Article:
To capture attractive bokeh, you need a 'fast' lens – that is, one with a wide maximum aperture, ideally f/2.8 or wider (lower f-number). This is one of the main reasons to include a fast prime (fixed focal length) lens in your kitbag, even if the focal length is one covered by your kit zoom. A prime lens with a wide maximum aperture like the Canon RF 50mm F1.8 STM lens used here lets you blur backgrounds with ease, dissolving details into beautiful points of light. While a kit lens with a maximum aperture of f/4-5.6 or more will allow you to blur the background, it won't achieve the same quality of bokeh. Of course, a wide maximum aperture means the lens lets in more light, which is useful in low-light conditions too, when you can get really creative with bokeh.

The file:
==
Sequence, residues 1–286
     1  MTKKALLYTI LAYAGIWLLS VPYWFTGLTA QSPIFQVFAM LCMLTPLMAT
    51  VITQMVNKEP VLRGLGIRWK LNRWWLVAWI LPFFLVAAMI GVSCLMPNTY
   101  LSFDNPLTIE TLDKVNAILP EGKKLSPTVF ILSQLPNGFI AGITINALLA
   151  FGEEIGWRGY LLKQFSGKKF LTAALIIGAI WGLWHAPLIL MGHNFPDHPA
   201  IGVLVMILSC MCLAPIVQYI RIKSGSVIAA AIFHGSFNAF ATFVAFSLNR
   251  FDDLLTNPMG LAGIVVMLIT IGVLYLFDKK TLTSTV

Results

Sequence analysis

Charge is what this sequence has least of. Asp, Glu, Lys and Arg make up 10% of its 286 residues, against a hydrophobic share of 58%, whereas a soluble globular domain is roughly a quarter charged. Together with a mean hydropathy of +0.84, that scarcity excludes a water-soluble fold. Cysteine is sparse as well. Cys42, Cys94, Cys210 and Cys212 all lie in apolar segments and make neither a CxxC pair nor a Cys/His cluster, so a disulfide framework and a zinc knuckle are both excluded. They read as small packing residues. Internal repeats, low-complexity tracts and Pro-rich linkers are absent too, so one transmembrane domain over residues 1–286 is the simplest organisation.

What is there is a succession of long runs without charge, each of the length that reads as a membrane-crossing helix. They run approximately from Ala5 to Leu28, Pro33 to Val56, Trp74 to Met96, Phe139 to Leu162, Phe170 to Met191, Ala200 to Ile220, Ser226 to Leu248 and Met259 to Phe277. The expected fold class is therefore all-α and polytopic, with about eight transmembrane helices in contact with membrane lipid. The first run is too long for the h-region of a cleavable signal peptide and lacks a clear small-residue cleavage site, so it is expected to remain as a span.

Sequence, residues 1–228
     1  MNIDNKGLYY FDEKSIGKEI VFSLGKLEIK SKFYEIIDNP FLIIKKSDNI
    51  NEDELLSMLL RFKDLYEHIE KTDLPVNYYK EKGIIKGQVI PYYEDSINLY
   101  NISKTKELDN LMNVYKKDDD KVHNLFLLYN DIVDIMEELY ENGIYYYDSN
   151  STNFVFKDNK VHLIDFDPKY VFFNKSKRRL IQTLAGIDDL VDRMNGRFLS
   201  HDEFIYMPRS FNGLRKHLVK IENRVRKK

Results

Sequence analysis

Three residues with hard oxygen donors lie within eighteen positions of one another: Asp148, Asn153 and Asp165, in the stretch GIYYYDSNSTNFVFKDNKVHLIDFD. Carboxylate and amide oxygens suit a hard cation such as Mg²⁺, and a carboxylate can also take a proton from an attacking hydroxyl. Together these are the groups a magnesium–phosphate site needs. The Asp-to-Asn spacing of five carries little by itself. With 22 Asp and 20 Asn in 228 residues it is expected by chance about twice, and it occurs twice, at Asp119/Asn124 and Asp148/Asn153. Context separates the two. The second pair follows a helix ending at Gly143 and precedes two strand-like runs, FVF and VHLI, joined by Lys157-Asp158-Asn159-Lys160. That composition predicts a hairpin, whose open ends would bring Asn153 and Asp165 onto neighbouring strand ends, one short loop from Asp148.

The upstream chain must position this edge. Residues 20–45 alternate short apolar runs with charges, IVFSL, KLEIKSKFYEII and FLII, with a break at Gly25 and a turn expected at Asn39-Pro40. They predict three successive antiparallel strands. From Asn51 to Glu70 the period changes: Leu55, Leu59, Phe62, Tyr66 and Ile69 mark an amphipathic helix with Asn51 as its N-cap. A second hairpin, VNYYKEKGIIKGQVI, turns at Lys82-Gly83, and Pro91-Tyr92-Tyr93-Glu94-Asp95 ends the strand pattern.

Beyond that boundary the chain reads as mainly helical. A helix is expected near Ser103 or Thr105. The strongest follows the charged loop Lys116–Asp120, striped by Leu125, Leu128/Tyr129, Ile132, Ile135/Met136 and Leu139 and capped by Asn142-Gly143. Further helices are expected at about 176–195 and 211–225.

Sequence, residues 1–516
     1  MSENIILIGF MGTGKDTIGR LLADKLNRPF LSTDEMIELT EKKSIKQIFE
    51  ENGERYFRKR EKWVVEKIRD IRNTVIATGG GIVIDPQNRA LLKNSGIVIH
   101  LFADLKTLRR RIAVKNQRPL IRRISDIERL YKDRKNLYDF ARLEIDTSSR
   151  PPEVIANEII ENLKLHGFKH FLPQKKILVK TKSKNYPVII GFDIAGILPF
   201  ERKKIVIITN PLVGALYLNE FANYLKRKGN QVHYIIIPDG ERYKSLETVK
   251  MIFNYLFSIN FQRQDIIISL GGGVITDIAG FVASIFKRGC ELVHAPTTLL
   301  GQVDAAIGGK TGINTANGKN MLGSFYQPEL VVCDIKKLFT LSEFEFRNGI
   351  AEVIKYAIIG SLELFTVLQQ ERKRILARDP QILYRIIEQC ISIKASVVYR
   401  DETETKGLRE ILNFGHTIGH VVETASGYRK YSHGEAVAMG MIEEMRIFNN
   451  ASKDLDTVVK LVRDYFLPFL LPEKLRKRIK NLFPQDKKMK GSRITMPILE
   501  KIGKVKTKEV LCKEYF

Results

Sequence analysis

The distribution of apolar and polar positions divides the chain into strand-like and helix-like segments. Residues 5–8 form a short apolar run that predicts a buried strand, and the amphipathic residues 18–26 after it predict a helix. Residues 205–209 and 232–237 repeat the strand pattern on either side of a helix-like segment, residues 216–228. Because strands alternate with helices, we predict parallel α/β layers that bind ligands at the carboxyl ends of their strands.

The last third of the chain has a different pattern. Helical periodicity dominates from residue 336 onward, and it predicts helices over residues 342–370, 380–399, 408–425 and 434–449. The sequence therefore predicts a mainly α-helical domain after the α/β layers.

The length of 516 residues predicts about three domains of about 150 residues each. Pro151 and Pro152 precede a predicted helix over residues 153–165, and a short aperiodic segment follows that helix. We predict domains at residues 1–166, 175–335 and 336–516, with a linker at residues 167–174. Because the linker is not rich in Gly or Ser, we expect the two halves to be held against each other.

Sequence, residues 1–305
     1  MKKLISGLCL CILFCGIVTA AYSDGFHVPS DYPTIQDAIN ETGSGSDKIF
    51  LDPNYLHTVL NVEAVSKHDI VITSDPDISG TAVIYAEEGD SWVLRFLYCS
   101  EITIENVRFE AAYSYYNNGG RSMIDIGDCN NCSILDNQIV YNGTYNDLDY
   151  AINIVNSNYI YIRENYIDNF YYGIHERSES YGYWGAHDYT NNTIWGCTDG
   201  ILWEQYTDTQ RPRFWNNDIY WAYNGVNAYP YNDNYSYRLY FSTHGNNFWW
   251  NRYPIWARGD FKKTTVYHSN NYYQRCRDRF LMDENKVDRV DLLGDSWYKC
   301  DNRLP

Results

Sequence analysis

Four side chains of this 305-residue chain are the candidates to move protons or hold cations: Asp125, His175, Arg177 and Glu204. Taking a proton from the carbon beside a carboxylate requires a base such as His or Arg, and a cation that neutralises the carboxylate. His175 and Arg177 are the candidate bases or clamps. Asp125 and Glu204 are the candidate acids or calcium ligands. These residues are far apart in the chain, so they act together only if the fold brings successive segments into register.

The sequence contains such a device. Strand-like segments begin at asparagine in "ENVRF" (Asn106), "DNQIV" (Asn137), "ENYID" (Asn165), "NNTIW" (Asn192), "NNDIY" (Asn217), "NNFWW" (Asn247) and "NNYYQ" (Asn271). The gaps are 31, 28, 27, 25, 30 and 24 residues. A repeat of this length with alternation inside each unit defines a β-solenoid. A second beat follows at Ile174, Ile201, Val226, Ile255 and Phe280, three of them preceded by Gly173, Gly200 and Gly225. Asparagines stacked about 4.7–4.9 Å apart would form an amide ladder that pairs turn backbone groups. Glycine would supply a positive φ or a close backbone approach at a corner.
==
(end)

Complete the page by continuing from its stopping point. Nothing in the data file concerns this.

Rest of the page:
There's another factor to consider too, although it's not as critical. Lenses capture blur in different ways, and some produce more pleasing bokeh than others. In general, a lens with more aperture blades results in more attractively circular bokeh, as each point of light mirrors the shape of the aperture. This matters less if you're shooting with the lens wide open – that is, at the maximum aperture (lowest f-number) the lens supports, when the opening will be circular anyway – but that won't always be the case. You can find out how many blades your lens has in the manual that came with it, or look it up in the specifications for your lens on the Canon website. Seven blades is great for attractive bokeh, but nine is even better.